I first learned the term “redistricting” over a bag of honey mustard pretzels in my high school English teacher’s office.
A budding journalist, my questions over inequities between my high school and the neighboring high school within the same district began with a simple set of questions: Why did they get to wear hats, when we couldn’t? Why was their course selection so much greater?
These were some of the differences between the wealthy high school blocks away and my less affluent school. Like any inquisitive reporter, I was curious about what was behind the disparities.
My teacher, Mr. Anderson, highlighted a red line across the map of Darien, Illinois, a suburb of Chicago. Like shattered glass, the zigzag pattern created by what he called redistricting made no sense to me. It was as if someone had haphazardly drawn a pattern to avoid the low-income housing apartments, keeping the mansions and traditionally wealthy on the opposite end.
On the map, I saw my small white house, where I lived with my family of six, along the border of the zigzag. I am the resident bookworm and youngest daughter of a stay-at-home mom and a landscaper. A line was the only thing separating me from an entirely different education at a different school with a different student body.
Much of my educational experience was shaped by the stark contrasts between the rich and poor. I was a lower-income student. I waited in the free hot lunch line and I filed for college application fee waivers.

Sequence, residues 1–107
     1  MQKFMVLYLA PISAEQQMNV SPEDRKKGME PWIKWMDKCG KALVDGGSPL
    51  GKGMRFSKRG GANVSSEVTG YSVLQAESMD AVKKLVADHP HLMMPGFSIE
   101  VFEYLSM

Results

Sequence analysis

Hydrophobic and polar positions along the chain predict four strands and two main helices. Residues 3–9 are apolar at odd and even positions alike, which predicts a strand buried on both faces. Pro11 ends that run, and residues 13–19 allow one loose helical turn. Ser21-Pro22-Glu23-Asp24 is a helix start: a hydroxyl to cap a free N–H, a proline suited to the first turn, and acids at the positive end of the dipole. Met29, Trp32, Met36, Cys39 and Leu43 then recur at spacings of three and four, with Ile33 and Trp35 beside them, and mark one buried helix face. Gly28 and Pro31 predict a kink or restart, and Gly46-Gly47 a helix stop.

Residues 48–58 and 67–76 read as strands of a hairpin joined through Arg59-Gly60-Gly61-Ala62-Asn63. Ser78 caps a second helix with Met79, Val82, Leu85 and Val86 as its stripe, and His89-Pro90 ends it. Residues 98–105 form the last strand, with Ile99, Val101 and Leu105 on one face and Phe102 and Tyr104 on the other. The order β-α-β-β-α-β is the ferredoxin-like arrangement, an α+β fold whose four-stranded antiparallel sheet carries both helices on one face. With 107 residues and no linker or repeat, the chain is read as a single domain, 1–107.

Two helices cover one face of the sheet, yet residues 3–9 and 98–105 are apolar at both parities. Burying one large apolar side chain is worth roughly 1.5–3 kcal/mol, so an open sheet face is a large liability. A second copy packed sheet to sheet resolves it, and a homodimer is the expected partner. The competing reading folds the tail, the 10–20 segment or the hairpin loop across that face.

I went on to attend private universities and even graduated from a prestigious graduate program at Northwestern University. But through it all, I was always one of the few people of color in the room, often unable to shake off the feeling of being an out-of-place poor kid.
I went to Hinsdale South High School, a public school composed of a mixture of low-income students from those housing apartments, wealthy kids on the border of the zigzags, and everyone in between. Students from my high school attended community colleges, trade schools, and a handful of Ivy League institutions. But just a five-minute drive away, the neighboring school was wealthy, with a majority white student body and a pipeline to top-tier colleges.
I convinced my school’s administration to let me shadow a student at the neighboring school, in the name of journalism and in pursuit of my own curiosity. I walked through less crowded hallways and overheard conversations about ACT prep courses and students who had applied to over 13 universities. Students streamed in and out of the lunchroom without a school monitor yelling at them to go back inside. There was no free hot lunch line.
I realized there would always be extra steps I had to take to even get close to the kids from the other side of town.
Over the course of the school day, I recognized that inequity was more than students who couldn’t wear hats or leave the lunchroom. The district border had been created by people who would never look me in the eye and tell me why I hadn’t been on the right side of the town, the one with an aquarium sciences class and greater AP class offerings.
Now, years later, I’m excited to get to work and demand answers from state officials who have the power to address the funding inequities that exist. As the new Chalkbeat reporter covering the Detroit Public Schools Community District, I know that students in the city have experienced and seen the inequities between suburban and city schools. They see school buildings in wealthier communities in better conditions and students whose parents can provide extra tutoring or test preparation.
This article was originally posted on In high school, I witnessed inequities in public education. Now, I want to write about it.